The great social media marketing debate
It's difficult these days to turn the corner without tripping over a social media maven, rock star or guru. Given the propensity for claiming these self-appointed and aggrandising monikers, how do you know your Jedi is 'one with the Force', and isn't using mind tricks to lead you down the Dark path?
Unfortunately, in the land of the blind, the one-eyed man is king," quips Mike Berry, an international marketing specialist and lead adjunct professor on The Master of Digital Marketing degree at Hult International Business School, in London. "The jury is still out on social media as a marketing platform; these are still early days in social media, and some experts have doubts over the long-term value. It's not surprising, then, that even big companies don't know how to spend their social media budgets."
If this is the view of a marketing expert with decades' of experience in the field, what chance do non-Jedi business executives have of forging a path in social media?
"Marketing is a process, and that hasn't changed over the years," says marketing analyst Chris Moerdyk. "It's like the checklist that a Boeing 747 pilot uses before taking off; a number of elements have to be in place to get a guaranteed return on investment. And social media is but one of those checklist items; it's not the be-all and end-all of marketing.
"One of the biggest problems is that marketers have become obsessed with social media to the point where marketing is all social media. This is extremely worrying."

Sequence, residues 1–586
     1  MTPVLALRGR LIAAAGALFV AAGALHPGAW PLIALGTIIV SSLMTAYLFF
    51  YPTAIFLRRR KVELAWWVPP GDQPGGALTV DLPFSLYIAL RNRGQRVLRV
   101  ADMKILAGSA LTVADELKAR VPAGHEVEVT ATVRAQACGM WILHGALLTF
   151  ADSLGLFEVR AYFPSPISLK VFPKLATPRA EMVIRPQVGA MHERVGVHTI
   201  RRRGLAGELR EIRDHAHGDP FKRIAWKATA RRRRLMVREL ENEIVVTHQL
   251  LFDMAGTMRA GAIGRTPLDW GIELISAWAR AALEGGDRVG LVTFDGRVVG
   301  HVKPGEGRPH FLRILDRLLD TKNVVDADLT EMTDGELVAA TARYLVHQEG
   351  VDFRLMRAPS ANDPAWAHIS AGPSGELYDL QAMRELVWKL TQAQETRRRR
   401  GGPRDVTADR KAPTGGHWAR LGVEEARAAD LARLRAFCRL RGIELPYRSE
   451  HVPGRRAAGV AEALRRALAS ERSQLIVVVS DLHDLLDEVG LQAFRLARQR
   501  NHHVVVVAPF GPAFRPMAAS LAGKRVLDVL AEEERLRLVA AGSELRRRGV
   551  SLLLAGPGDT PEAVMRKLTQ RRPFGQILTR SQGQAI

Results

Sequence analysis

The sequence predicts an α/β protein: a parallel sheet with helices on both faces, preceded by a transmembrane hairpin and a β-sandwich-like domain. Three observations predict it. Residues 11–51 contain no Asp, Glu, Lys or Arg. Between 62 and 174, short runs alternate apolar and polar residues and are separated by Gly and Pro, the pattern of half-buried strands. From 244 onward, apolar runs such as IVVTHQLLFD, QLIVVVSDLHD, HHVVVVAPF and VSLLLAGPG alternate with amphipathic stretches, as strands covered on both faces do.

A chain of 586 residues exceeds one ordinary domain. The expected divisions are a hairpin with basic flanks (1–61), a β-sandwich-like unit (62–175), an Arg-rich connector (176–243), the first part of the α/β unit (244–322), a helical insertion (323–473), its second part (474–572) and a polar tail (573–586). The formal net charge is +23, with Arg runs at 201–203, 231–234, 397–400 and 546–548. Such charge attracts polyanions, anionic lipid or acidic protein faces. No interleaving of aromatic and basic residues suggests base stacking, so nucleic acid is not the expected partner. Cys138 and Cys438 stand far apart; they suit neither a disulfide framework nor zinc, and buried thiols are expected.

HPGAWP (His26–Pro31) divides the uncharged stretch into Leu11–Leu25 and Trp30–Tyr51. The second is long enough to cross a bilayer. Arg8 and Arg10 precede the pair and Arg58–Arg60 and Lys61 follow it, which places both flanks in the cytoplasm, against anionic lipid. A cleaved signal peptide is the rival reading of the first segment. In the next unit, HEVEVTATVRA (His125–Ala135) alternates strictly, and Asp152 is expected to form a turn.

By its very nature, social media was never intended as a marketing tool, let alone advertising medium. Name your platform and it's highly unlikely the developers set out with the intention exclusively to sell advertising. Take Twitter, for example. It has upward of 140 million users, and aspirations to follow the social media behemoth Facebook into the land of listed stocks, and yet its revenue model beyond promoted tweets is anything but clear.
Berry says social media started out principally as another medium through which people communicate with each other, and that's how users are most likely to continue to use the platforms. "I certainly don't think people go there for the advertising, but then people never watched television for the advertising."
The benefit that social media does have, however, is that the various platforms attract users who are there of their own choosing, and are often vocal and engaged audiences not shy to share their two-cents' worth.
Moerdyk points out that third-party testimonials have always been an important and powerful function that flows from advertising or marketing, which is an area in which social media excels. "Social media has become extremely powerful as an interactive communications tool, which is the foundation of marketing," he says.
With social media seemingly having leapfrogged to the front of the marketing queue, how do you break down the veil of mystery and obfuscation that surrounds the geek-speak and inflated egos?
"My business partner is fond of pointing out that where there's mystery, there's margin," says Mike Stopforth, founder and CEO of Cerebra, one of the country's first social media-focused agencies. "Unfortunately, that margin tends to attract people who are trying to gain some of the business on the back of the hype and fear around emerging technologies, and often without a strategic foundation and business experience."
At the end of the day, we have industrial-age organisations being challenged by digital-age technologies.Mike Stopforth, Cerebra